Author Geoffrey Munn may be to tiaras what Harold and Erica Van Pelt are to gemstone photography: historian, expert jeweler in his field, and friend to jewel collectors worldwide. Munn is the managing director of Wartski, a well-known jewelry store in London, and a man who knows his tiaras … and wreaths, diadems, and kokoshniks. His most recent book, The Tiara—A History of Splendor, available in August for $90, packs more than 20 years of experience with tiaras into a coffee-table tome loaded with pretty pictures. (To order a copy, call (800) 252-5231 or visit www.antique-acc.com.)
A jeweler for Wartski since 1972, Munn’s knowledge of tiaras is based on years of first-hand experience. In 1997, he assembled a showing of 100 different tiaras, borrowed from clients, to raise money for the Samaritans, a London-based counseling group. The show’s success led Munn to write a book on the subject as a way to satisfy the public’s fascination with tiaras. “Tiaras are the most exciting, the noblest, and simply the biggest of all the different forms of jewelry,” says Munn.
Munn’s book begins with the basics: He lets us know on page one that before gold was available at the end of the 4th century, wreaths of flowers, shells, and feathers were used as headpieces. Typically, wreaths themselves were made of sprays of oak, ivy, laurel, olive, or myrtle. Many wreaths, even those made of gold, were so detailed that some included insects. Diadems derive from the Latin word “diadeo” which means “I bind together.” Originally diadems were helmet shaped. A third prototype for tiaras is the Russian kokoshnik, says Munn—a stiff halo made of textiles, ornaments, and gemstones. Kokoshniks influenced jewelers across Europe, including jewelers in London and Paris, and were copied frequently.
There are two reasons why we still wear jeweled headpieces today, according to Munn. “Firstly, the material from which tiaras were made was seen as an expression of status, wealth, and security. Secondly, they implied the loss of innocence and crowning of love.”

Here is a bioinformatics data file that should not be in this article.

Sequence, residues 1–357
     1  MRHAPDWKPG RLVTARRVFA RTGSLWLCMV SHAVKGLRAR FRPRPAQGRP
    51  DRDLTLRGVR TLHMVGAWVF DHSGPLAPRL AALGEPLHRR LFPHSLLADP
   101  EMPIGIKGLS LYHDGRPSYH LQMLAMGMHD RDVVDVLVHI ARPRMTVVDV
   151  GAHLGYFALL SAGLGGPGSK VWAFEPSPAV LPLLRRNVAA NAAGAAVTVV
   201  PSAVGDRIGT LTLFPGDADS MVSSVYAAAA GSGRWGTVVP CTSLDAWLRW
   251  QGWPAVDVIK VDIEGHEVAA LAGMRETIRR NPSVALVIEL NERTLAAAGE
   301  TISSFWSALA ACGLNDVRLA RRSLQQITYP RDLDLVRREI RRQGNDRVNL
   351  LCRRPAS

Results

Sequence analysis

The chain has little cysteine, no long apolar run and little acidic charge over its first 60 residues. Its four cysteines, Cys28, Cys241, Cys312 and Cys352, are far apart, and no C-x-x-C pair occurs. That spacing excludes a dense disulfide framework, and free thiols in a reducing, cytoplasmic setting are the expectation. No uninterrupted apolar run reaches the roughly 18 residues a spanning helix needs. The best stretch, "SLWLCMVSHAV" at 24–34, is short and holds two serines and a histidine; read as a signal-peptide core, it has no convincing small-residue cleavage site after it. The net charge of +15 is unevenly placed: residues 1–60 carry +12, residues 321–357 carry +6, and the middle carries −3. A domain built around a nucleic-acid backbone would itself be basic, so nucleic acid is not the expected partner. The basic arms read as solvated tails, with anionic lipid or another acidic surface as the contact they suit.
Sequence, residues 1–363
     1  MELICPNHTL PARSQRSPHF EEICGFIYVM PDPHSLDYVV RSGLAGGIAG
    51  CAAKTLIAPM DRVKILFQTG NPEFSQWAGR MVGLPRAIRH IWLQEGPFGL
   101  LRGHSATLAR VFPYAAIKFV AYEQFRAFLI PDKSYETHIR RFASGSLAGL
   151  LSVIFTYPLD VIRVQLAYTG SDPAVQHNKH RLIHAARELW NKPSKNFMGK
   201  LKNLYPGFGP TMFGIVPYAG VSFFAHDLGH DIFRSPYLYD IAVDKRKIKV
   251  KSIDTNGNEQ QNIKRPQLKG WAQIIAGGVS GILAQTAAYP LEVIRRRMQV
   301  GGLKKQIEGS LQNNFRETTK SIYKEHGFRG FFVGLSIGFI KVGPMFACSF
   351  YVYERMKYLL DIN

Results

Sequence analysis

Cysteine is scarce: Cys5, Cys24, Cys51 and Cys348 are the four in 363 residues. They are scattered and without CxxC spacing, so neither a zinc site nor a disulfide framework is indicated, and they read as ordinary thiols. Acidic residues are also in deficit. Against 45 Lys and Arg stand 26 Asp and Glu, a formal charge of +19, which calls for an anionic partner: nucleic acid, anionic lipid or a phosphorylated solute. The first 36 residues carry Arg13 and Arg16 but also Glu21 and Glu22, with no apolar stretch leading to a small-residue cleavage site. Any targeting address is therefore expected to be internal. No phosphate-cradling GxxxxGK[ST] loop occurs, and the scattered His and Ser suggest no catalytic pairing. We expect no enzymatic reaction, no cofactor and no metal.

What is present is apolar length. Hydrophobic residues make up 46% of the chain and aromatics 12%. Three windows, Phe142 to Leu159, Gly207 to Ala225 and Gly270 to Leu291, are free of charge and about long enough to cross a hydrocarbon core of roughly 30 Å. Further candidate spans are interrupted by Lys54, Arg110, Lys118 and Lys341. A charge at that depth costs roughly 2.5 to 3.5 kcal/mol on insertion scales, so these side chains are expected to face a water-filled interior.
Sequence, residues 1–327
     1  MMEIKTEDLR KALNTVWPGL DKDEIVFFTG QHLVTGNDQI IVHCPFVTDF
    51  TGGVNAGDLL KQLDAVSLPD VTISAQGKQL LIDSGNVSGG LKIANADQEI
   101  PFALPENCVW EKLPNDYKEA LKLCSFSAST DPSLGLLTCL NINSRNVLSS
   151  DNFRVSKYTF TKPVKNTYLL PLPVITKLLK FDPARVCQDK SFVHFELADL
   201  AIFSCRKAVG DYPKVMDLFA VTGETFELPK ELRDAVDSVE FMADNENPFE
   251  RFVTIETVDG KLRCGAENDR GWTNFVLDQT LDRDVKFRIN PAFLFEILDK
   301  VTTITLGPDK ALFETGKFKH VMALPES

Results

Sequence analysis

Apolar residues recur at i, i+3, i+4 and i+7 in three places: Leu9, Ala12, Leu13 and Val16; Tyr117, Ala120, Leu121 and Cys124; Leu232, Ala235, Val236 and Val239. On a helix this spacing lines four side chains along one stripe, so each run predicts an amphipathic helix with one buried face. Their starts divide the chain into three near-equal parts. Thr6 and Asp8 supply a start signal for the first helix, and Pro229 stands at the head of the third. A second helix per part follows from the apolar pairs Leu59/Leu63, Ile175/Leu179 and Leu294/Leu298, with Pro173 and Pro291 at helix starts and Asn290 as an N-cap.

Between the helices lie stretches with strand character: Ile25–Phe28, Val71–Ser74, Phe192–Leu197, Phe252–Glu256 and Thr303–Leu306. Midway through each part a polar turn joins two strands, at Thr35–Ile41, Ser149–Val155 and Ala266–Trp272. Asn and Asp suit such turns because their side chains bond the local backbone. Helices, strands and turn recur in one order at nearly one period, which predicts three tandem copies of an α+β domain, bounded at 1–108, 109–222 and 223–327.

Greeks and Etruscans were among the original jewelers, making diadems as early as the 7th century. Etruscan pieces had a more uniform look—attained through the use of die stamping—than those of the Greeks, evident in the look of leaves and berries. Roman handiwork introduced precious and semiprecious gems, including amethysts and sapphires, to diadem makers. Granulated and filigree pieces lost popularity at this time, but designers still used forms of flowers and leaves as a means of highlighting gems and metals. As Christianity spread, encouraging charity toward the poor, “ostentatious” diadems lost favor save for the coronals of marriage.
The 19th century was the richest time for tiaras. Munn tells us about Napoleon Bonaparte’s luxurious regime that called upon Imperial Roman, or Neoclassical, style to distract his countrymen from his “lack of ancestral credentials.” For his own coronation in 1804, Napoleon had a crown of karat gold laurels made to represent each of his victories. But the piece was so heavy that he asked the jeweler to “prune it back” to lighten his load. The crown has since disappeared, except for two gold leaves preserved in France.
Elaborate hair ornaments and configurations sidetracked traditional diadem makers in the second half of the 18th century. An extravagant French court took fashion trends a little too seriously. Munn quotes Hannah More, an English writer and educator of the poor, who immortalized French haute couture of the time by saying, “I protest I hardly do them justice when I pronounce that they had amongst them, on their heads, an acre and a half of shrubbery, besides slopes, grass plots, tulip beds, clumps of peonies, kitchen gardens, and greenhouses.”
But styles were more refined by the 19th century. Munn explains that jewelers wanted to satisfy a burgeoning and more prosperous middle class, who numbered travel and art collecting among their priorities. Jewelers such as London-based Carlo Giuliano studied the classics. A trademark style of Giuliano’s was black and white enamel mixed with white pearls and diamonds that complemented the black and white apparel of the day (see photo below).
In the 20th century, art nouveau designs enjoyed the limelight. Nouveau rebelled against the classics, and Munn refers to René Lalique as the “master” of that movement. His designs are “strangely sensual, such as an orchid carved in ivory with enameled leaves, and morbid, like decaying leaves,” says the author (see photo on p. 137).
The subsequent art deco phase in the mid-1920s reflected the two-dimensional effects of Egyptian art, which had been revered a few decades earlier. Deco grew from the modernist and anti-historical elements of art nouveau, and it co-existed with “machine-age” styles, including some made by Cartier.
While Munn’s knowledge of tiaras and how they evolved is overwhelming at times, the burgeoning popularity of this art form makes the book a must-read for jewelers interested in boosting their sales of tiaras. Among the dense history are several humorous anecdotes and fascinating details … and nothing sells like a good story.